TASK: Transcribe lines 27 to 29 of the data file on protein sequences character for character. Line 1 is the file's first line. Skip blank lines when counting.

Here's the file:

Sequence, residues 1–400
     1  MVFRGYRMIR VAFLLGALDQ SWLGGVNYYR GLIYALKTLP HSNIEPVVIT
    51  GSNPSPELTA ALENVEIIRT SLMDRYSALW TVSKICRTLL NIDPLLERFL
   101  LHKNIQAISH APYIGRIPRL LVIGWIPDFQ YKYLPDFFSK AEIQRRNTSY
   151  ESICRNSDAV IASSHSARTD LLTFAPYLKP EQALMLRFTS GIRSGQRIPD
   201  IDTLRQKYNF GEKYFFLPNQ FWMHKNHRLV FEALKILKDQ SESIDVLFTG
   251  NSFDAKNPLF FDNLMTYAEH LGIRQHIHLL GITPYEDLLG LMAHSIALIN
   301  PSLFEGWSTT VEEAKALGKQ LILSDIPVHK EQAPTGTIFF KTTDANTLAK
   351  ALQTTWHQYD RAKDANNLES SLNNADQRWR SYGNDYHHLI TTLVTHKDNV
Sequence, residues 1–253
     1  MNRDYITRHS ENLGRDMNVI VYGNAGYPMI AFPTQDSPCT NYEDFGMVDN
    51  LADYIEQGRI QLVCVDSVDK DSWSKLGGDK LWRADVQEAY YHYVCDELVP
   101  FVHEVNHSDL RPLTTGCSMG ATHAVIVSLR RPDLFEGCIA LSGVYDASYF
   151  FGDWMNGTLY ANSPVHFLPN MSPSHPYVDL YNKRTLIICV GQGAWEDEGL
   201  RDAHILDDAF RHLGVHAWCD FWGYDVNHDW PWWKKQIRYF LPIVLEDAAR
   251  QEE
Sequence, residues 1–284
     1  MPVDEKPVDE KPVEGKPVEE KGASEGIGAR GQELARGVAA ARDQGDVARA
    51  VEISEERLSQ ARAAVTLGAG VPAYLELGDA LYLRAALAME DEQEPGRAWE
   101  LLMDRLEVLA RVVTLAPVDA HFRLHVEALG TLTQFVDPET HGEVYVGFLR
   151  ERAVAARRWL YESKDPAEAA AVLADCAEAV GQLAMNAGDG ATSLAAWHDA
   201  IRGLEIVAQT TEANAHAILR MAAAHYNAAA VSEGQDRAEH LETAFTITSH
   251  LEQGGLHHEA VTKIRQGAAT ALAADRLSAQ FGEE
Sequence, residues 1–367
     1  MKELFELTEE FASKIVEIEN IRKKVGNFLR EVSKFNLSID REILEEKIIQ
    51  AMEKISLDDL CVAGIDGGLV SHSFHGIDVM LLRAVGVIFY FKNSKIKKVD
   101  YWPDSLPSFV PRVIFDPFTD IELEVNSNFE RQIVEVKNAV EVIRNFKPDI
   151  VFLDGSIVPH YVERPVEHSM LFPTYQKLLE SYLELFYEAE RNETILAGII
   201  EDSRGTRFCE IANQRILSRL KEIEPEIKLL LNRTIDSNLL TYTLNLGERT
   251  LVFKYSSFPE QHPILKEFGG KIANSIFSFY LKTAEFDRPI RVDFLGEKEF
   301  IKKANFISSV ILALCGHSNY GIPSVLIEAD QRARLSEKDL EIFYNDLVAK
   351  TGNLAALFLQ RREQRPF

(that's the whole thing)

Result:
   101  YWPDSLPSFV PRVIFDPFTD IELEVNSNFE RQIVEVKNAV EVIRNFKPDI
   151  VFLDGSIVPH YVERPVEHSM LFPTYQKLLE SYLELFYEAE RNETILAGII
   201  EDSRGTRFCE IANQRILSRL KEIEPEIKLL LNRTIDSNLL TYTLNLGERT